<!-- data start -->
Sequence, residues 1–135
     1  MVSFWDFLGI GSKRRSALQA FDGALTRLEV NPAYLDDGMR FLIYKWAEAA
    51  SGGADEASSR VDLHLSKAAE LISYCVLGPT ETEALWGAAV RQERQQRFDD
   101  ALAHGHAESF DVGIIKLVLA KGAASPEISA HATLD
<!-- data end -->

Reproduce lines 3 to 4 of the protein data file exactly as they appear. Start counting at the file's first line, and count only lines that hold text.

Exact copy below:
    51  SGGADEASSR VDLHLSKAAE LISYCVLGPT ETEALWGAAV RQERQQRFDD
   101  ALAHGHAESF DVGIIKLVLA KGAASPEISA HATLD